Creating a legacy through artistry and collaboration

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SHANNON HOYT / STOUTONIA

Shannon Hoyt —

 

There is becoming a legacy and then there is creating one. Either way, the journey requires intensive work and preparation.

 

Dr. Ursula Husted, assistant professor in Comic and Sequential Art, developed “Wisconsin Legacies: Roots of a generation,” an art exhibition of fictional lives throughout history.   

 

“It celebrates 125 years and a series of generations of folks who have either come to Wisconsin, or were born in Wisconsin,” said Husted, in regards to the exhibition.

 

Around two weeks into the beginning of the semester, each student received one name attached to a character that would soon join a family tree of legacies. However, the only information provided was the character’s location of birth and how they related to their branching relatives.     

 

“You can’t create a character without knowing who their parents are, without knowing who their children might be—if they choose to have children—or without knowing what their siblings are doing,” added Husted. “People don’t stand alone.”

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SHANNON HOYT / STOUTONIA

Just as characters can’t stand alone, neither can the students. Since it was a collaborative project, the 24 artists relied on each other for constructive ideas, whether that dealt with location, physical traits, family heirlooms and so on.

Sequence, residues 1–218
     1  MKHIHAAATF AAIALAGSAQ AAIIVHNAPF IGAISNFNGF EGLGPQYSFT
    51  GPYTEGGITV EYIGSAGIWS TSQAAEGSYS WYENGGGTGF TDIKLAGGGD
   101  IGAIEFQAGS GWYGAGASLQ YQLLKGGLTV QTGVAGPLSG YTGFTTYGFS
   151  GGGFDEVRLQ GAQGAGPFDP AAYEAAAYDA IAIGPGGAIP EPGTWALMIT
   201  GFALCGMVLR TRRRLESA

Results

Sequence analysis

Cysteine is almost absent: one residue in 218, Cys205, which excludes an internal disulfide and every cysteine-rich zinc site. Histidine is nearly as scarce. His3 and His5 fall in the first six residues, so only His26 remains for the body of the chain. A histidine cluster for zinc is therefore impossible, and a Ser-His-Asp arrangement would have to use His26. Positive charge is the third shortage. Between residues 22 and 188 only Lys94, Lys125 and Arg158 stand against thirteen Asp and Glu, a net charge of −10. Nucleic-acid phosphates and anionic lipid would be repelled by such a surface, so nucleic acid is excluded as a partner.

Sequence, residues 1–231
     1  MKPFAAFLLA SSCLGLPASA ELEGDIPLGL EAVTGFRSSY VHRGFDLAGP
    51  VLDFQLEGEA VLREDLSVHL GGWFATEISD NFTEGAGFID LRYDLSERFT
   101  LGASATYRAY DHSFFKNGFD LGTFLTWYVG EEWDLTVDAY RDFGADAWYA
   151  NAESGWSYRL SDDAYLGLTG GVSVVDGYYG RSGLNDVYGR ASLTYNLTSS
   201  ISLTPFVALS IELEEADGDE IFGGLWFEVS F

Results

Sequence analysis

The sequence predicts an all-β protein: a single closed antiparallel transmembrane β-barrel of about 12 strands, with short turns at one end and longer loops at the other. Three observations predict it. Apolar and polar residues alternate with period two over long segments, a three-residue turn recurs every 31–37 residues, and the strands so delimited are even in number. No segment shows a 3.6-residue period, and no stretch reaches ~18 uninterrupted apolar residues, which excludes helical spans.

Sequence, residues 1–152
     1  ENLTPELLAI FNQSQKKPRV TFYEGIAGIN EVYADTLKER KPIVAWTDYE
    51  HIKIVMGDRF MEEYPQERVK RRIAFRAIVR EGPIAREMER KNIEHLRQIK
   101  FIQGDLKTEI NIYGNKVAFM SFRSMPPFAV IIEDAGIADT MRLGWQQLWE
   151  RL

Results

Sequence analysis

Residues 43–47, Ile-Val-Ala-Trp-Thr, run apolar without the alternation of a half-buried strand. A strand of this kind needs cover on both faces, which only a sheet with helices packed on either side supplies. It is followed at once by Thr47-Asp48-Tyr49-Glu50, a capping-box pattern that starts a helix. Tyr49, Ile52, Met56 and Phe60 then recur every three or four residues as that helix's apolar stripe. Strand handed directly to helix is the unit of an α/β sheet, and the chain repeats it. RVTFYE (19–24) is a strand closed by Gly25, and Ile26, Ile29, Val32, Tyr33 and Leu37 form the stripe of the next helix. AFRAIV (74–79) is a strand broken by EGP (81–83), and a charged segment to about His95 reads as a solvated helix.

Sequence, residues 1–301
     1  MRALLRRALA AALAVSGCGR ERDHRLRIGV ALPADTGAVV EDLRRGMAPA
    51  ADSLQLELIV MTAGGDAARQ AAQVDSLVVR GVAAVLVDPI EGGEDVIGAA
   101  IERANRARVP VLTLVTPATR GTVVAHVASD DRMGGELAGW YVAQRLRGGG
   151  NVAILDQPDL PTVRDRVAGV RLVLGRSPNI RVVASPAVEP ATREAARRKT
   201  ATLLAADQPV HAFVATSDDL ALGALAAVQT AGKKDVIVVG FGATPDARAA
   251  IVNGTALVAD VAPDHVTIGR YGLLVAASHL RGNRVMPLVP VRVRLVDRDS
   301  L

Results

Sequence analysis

“My character was born in Milwaukee,” said Kaitlin Bruder, a sophomore studying Comics and Sequential Art. “And then my daughter was born in L.A., and then my son was born in Kansas. So you have to figure out how that movement worked.”

 

Bruder, along with her fellow classmates, had to elaborate on a broad spectrum of history. Some students had up to five generations of material to interpret and connect.

 

Creating a legacy is no small feat. The intricate thoughts and hours spent creating life, creating a 184 page graphic novel is now displayed on the walls of the Applied Arts. In addition to the comic strips, the project also resulted in over 400 captured moments of the characters’ lives.

 

“It demonstrates the value of narrative,” said Husted, in regards to the exhibition. “It demonstrates the value of our students’ work.”

 

 

The exhibition will be up until senior shows.

 

 

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